New theory claims Banksy is Massive Attack’s frontman

Robert 3D Del Naja from Massive Attack could well be the man behind the extensive work of Banksy, according to a British investigative journalist.


It’s midnight and the huge concert hall by Lisbon’s river Tagus welcomes another concert by Massive Attack, 20 years after their first gig in this city in this very same festival SuperBock SuperRock. Assisted by the Young Fathers, who joined the band in a couple of songs, their performance is marked by strong messages displayed in huge letters on an electronic billboard.  Most of this written content is political, focused on the refugee problem, on Brexit and on other problems afflicting the world, along with some messages prepared for the occasion to greet, and amuse, the locals in this concert hall. Political statements have always been there since this band was formed, starting with the name Massive Attack, a clear reference to the attacks during the first Gulf War. After a first album of mellow and danceable melodies and a second rather pop album they joined the dark side on the third album, adopting a sound that would bring us closer to dark new-punk soundscapes. These dark and intense sounds would continue on the ensuing albums featuring the voice of “broke best star” Robert 3D Del Naja on most of the tracks. But if the sound changed the same cannot be said of the band’s lyrics, composed by the band or cleverly picked from the huge vault of pop history and recorded with new musical arrangements. “Safe from harm”, “A prayer for England”, “False Flags” or “The hunter gets captured by the game” are just some examples of Massive Attack’s critical view on current political and social affairs.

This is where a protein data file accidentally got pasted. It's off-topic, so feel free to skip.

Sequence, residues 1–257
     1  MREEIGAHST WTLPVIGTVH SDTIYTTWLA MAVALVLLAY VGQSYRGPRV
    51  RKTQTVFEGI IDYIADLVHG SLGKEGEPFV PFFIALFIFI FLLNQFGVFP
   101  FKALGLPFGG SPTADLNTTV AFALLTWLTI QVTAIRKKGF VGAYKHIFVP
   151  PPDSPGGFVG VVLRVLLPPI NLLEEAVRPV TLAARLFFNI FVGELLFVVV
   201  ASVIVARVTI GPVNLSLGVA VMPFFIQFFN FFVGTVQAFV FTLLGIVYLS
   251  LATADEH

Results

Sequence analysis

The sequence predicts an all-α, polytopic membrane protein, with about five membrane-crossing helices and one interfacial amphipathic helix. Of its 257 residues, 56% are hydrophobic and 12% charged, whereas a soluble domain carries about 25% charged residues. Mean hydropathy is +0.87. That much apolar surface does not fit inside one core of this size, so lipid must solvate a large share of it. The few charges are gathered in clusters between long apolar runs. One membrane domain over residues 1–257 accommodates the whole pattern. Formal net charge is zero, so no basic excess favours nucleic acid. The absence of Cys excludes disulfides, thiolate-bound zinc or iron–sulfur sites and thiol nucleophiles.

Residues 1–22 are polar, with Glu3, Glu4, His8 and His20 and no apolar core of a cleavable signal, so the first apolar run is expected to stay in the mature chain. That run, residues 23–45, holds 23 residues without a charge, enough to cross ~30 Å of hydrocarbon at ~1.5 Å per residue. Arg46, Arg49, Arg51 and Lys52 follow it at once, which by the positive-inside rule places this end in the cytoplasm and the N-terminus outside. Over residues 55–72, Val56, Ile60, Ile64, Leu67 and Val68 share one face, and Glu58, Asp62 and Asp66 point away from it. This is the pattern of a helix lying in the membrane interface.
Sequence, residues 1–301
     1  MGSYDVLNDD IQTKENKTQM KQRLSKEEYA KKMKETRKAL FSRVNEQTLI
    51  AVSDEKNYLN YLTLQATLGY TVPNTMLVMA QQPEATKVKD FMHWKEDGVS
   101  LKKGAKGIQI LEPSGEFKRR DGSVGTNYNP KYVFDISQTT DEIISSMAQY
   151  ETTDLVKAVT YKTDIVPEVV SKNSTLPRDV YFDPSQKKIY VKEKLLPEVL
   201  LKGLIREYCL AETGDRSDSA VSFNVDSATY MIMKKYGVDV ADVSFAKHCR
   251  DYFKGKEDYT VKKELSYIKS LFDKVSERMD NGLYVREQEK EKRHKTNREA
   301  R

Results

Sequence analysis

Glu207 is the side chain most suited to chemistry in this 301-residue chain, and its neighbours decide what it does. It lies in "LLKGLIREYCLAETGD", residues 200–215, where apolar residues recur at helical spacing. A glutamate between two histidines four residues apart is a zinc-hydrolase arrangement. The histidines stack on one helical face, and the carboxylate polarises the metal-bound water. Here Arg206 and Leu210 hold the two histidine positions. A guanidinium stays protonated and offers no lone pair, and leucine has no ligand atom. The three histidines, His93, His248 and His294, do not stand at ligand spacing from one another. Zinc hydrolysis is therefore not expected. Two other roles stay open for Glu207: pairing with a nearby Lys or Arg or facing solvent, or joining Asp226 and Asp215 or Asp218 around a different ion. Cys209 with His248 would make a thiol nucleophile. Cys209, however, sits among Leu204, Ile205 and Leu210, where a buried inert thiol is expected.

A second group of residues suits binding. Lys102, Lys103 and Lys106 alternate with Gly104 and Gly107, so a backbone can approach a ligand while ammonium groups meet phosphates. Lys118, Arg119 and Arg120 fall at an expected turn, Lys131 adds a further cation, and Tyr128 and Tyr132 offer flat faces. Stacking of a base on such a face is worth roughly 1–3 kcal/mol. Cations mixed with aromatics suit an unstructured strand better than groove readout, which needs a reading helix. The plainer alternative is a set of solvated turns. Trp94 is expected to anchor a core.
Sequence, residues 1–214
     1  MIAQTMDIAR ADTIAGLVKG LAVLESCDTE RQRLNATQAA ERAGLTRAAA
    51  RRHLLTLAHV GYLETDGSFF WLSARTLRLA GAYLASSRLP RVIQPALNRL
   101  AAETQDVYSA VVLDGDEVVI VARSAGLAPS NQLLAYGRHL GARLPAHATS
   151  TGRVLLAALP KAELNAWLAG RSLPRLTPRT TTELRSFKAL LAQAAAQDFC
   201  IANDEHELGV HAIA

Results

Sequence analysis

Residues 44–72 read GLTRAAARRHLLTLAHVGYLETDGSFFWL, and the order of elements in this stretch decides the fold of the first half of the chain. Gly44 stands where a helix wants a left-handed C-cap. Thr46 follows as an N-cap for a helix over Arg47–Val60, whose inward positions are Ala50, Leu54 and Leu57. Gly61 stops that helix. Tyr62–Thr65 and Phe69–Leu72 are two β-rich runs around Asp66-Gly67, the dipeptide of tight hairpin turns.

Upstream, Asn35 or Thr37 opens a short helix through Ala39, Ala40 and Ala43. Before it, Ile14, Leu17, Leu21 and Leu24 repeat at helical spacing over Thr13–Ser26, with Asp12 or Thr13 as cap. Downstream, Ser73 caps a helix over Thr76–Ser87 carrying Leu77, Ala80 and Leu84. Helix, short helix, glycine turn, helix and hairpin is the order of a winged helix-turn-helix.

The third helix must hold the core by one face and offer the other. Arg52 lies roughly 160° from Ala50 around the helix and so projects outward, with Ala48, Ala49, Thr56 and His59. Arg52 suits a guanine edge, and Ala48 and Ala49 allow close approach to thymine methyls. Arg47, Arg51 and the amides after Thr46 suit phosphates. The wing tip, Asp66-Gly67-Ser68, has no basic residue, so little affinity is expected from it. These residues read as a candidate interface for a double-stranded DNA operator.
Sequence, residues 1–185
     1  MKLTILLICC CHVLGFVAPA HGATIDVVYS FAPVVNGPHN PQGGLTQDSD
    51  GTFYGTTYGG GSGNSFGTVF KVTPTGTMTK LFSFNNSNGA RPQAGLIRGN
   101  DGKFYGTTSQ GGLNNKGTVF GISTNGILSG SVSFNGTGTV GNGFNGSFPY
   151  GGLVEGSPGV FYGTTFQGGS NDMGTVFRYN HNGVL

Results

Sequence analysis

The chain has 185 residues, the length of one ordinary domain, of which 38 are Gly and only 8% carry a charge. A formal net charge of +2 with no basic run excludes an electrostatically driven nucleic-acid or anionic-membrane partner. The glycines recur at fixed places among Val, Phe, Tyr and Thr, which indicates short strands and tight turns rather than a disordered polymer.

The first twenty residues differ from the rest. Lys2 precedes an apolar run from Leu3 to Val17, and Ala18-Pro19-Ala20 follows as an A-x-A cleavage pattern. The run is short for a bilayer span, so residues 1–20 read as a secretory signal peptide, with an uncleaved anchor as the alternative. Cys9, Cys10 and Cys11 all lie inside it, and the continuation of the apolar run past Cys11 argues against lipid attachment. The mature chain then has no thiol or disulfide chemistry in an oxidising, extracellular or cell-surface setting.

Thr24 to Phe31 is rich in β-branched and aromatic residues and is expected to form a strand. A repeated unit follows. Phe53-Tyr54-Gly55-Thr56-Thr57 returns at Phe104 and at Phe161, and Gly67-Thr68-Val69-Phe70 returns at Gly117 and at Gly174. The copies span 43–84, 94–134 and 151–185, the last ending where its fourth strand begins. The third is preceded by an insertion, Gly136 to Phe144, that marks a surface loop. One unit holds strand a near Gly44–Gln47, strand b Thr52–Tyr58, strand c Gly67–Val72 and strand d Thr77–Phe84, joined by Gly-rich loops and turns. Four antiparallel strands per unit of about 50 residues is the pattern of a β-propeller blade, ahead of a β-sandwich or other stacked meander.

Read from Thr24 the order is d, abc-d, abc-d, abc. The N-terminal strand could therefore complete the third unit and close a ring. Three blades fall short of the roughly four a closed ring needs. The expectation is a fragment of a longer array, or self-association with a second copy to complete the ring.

In light of the band’s political and social engagement the news on the possibility of Banksy and Robert Del Naja being the same person make perfect sense. To justify his claim and according to the Daily Mail investigative journalist Craig Williams went to great lengths trying to prove it. He began by joining the dots starting with the fact that both Banksy and Del Naja  come from Bristol, a city where the latter was apparently the first known graffiti artist. According to the article on the Daily Mail Del Naja admitted to being friends with Banksy. The very same article is illustrated with a graph showing the places where Massive Attack played and where in the very same period Banksy graffitis were spotted as pointed out by Craig Williams. Should Robert Del Naja be Banksy himself or the leader of a group or artists signing under the name Banksy well congratulations on the job both as frontman of Massive Attack and as the man painting façades with beautiful and sharp images. Trendenz will take to the streets of Lisbon looking for eventual Banksy graffitis after the most recent Massive Attacks visit to Lisbon. Who knows we will be able to prove Craig Williams is right.

Carlos Tomé Sousa


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